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I guess that, in the back on my mind, I always knew that some Jews got adult circumcisions (what an opening sentence!). There were always men in my synagogue who were converting, and while I assume some got a little snip while still in the hospital, some stayed “au natural.” Hey, if Abraham can do it it himself in his 90s, then I’m sure letting a mohel do it to you in your 30s isn’t the worst thing ever.
Then one time in high school, a friend of mine, born in the former Soviet Union, just casually mentioned to me that he was circumcised at age 13. Maybe I’d be able to handle that information better today, but my 16 year old self was floored. 13! That’s messed up man! I mean, totally understandable. But 13!!!
Now, comes a web series called Circumcised! about exactly that subject. Gleb Kaminer was born in Azerbaijan. And much like my friend, was only circumcised when he moved to Israel. The series tells his story.
Thank you everyone for their great support! Please stay tuned for our first webisode.
“Most Jewish boys are circumcised at eight days old. Why in the hell wasn’t I?” This is the odyssey of a man who grew up in two foreign countries and finally fulfilled his dream of becoming an American. Two eternal questions continually surface in this ten part web series: “Who are we?” and “Where do we belong?” Born in a Muslim country, to a Jewish family, and raised in a Christian-Soviet environment, Gleb is driven to ask “Who in Moses’ name am I?” In the first episode, a mandatory circumcision letter propels us into a hospital waiting room where hundreds of Russian emigrés are waiting to be “Jewed in.” In the surgery room, after eccentric doctor Rubenstein performs the operation, the ritual blessings performed by the Mohel throw young 16 year old Gleb into a panic.
Finally blessed as a true Hebrew, young Gleb embarks on another journey, that of a confused teenager, a circumcised boy, now enduring sleepless nights and taking care of his damaged shmengaley. The ritual Jewish kilt, baseball cap and warm baths all add to the metamorphosis into his new personality. As he approaches his eighteenth birthday, and begins to win the attention of the girls in his high school with his “newly cut personality,” Israel’s Draft Service comes calling. In the army, another chapter of his life opens up and he begins to experience human nature through exploring the differences between various religions and political beliefs. Upon completing the Israeli Army’s Krav Maga instructor’s course he begins teaching new recruits how to kill an enemy. Shortly, however, he realizes something profound that correlates with his own journey. William Shakespeare said it best: “‘All the world’s a stage, and all the men and women merely players: they have their exits and their entrances; and one man in his time plays many parts…’ I look at my new recruits and all I see are faces from Azerbaijan: Russian-Muslim kids who were my best friends. We were kids. No nationality mattered, no religion mattered. Nothing. Pure friendship. So, here I am, an Israeli army instructor and I don’t know what to do. On one hand I have a national duty on the other my conscience. What would you do?”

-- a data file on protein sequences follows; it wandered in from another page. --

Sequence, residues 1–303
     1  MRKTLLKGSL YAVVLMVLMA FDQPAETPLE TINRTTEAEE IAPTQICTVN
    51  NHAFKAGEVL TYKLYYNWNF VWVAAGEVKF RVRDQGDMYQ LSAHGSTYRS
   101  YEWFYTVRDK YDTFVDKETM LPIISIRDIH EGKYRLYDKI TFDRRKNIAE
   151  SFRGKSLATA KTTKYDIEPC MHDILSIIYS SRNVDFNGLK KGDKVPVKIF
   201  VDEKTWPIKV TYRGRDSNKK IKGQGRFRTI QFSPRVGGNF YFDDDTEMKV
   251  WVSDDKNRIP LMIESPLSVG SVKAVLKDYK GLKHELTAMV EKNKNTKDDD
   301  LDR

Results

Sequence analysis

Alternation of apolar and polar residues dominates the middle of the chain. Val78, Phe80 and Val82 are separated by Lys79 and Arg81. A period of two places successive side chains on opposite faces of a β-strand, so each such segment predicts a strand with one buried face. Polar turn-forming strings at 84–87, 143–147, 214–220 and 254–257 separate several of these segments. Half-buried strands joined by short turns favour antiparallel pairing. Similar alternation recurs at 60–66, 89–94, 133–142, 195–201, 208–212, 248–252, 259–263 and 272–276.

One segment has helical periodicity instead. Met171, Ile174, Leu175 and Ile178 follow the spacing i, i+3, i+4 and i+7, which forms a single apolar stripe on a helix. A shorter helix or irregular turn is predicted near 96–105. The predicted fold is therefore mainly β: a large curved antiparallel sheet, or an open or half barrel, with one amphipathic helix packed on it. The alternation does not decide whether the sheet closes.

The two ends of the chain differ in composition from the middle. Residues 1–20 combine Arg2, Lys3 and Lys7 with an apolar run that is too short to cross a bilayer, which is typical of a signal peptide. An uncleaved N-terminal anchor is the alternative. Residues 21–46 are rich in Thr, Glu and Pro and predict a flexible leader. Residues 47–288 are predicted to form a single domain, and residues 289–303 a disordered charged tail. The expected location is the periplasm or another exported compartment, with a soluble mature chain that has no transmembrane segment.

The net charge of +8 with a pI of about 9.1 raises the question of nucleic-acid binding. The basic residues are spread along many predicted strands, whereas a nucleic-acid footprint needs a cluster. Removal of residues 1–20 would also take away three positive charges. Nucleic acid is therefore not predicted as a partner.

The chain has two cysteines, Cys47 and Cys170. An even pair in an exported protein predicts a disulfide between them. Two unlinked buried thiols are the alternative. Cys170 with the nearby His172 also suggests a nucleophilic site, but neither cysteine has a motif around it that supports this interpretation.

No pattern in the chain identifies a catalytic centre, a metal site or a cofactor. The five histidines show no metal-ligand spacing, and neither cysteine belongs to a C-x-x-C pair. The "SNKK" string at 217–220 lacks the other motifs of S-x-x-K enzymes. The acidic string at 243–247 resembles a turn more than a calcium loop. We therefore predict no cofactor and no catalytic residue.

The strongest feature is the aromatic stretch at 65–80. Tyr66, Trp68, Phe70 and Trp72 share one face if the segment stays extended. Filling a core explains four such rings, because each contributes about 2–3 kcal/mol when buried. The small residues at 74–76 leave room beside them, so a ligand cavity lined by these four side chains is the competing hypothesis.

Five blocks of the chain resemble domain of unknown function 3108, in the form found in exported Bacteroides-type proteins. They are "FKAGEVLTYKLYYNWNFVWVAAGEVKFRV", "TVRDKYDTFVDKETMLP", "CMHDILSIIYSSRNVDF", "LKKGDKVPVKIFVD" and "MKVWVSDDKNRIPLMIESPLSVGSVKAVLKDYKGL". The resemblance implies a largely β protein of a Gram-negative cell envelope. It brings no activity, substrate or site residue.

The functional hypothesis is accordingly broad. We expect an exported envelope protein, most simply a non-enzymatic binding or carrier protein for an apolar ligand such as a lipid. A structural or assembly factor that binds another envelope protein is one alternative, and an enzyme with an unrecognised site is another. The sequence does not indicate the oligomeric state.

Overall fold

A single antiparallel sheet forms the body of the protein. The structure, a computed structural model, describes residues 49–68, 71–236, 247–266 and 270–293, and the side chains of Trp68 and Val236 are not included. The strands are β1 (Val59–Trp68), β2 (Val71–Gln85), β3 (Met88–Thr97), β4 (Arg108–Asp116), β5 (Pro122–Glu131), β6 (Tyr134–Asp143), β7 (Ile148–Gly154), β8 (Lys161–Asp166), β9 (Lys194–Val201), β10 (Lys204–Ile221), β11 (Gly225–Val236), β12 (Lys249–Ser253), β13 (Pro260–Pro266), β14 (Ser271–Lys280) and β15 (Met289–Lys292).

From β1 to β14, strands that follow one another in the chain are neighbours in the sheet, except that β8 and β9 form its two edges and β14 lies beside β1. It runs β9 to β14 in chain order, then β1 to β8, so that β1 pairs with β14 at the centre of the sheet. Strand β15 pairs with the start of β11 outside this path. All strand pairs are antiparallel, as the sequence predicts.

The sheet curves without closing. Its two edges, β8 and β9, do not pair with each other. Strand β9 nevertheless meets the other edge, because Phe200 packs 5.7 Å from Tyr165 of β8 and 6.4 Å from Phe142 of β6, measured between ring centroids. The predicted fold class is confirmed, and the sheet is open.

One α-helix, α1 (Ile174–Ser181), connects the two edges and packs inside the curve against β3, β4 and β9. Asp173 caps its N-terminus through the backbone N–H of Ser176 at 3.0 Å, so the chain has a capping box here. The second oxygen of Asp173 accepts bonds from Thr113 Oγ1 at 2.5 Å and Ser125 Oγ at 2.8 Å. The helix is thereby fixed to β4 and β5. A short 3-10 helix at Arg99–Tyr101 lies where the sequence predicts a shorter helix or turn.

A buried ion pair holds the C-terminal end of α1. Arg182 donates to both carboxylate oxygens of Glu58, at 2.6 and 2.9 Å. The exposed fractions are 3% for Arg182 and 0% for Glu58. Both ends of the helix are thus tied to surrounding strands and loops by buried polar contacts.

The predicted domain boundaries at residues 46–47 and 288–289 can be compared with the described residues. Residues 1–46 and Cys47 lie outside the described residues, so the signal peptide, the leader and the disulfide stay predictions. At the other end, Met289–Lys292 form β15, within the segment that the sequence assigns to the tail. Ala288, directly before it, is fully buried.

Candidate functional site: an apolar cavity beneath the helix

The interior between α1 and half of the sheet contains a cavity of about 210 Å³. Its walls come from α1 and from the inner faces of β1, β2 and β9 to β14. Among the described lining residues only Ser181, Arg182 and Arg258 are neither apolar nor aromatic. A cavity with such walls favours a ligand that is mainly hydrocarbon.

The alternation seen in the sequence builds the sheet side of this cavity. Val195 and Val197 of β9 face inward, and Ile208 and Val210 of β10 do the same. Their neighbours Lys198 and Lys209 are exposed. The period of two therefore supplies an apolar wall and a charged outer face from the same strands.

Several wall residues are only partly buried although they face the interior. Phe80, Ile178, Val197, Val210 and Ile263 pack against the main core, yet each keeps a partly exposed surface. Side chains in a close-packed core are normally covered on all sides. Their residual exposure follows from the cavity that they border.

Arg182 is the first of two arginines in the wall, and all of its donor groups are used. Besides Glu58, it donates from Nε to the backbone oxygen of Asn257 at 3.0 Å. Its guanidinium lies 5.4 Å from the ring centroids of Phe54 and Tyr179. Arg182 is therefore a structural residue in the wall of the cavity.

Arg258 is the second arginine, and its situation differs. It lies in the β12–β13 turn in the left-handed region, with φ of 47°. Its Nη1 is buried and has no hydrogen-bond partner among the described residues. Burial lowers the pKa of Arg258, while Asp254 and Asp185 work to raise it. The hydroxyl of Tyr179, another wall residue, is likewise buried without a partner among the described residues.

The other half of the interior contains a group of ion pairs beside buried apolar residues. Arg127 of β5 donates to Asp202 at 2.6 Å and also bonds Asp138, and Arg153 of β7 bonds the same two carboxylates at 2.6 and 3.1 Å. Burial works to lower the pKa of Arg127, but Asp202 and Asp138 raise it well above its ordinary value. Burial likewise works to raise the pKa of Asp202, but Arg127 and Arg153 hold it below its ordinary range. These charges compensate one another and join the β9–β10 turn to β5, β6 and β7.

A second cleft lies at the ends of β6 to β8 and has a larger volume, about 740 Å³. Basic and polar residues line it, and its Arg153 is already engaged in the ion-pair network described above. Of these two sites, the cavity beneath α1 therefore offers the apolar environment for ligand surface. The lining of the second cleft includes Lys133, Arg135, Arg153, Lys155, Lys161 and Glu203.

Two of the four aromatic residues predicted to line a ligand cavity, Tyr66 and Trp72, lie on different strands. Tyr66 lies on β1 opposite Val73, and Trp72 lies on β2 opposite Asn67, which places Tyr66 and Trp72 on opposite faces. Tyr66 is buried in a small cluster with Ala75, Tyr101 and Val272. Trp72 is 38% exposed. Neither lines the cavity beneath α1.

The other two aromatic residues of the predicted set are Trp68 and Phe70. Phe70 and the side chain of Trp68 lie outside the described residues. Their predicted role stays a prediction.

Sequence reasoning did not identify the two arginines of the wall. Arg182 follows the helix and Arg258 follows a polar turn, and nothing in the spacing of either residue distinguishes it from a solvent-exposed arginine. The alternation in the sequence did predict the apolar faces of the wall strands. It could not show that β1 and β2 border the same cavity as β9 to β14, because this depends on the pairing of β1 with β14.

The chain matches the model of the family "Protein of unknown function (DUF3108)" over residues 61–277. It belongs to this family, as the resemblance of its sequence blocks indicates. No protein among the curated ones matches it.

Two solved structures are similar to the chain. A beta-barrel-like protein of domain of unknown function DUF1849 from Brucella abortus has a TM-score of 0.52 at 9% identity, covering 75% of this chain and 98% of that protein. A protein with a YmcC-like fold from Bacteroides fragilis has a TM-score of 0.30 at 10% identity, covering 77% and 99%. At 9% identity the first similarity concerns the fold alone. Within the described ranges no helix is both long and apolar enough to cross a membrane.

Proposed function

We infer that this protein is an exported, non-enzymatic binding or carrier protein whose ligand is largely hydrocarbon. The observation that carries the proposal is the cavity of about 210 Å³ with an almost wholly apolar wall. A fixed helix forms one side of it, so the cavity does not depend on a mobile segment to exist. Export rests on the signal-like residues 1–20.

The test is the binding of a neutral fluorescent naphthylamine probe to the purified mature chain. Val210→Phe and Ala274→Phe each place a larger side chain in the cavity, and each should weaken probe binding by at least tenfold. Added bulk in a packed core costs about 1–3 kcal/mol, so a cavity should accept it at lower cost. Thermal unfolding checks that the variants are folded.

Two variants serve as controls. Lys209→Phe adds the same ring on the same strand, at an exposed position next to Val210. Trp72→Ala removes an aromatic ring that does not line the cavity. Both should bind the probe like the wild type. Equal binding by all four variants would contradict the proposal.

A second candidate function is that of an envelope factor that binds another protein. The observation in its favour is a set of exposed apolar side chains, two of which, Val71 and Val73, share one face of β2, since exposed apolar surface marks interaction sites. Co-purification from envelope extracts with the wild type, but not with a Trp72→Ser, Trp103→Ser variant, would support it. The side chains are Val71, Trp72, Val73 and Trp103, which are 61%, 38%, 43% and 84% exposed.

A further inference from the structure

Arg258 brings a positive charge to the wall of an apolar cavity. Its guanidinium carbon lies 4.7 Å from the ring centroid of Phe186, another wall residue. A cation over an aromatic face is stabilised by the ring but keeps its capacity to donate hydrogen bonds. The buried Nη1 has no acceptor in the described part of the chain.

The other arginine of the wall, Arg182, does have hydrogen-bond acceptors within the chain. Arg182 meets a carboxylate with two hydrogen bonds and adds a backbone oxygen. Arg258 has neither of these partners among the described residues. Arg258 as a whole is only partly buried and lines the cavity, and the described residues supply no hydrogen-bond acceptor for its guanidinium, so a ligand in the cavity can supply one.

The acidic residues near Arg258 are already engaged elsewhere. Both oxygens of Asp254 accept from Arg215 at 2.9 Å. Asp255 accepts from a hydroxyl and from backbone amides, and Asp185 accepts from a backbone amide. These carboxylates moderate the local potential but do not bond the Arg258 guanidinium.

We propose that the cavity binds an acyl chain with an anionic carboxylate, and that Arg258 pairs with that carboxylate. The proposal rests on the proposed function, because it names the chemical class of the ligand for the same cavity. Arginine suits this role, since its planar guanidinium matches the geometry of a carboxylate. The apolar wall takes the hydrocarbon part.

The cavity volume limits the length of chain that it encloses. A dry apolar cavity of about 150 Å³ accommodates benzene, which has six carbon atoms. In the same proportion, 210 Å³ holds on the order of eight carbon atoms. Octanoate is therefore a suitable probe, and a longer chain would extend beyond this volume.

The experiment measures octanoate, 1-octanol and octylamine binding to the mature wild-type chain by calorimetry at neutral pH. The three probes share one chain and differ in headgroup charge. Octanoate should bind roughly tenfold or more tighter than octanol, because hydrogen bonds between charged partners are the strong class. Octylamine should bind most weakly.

Gleb meets his future wife, who isn’t Jewish, and after the city’s Rabbinate declines, they are forced to marry in Cyprus. One day, unexpectedly, another chapter in Gleb’s life opens up. He passes a newspaper stand and sees an ad for a United States Green Card lottery. Is this a joke?! He cuts out the ad and lets it decide his destiny. Six months later he receives a big envelope with two temporary green cards and a warm welcome note from the United States Government. All he can think about is what awaits him in America…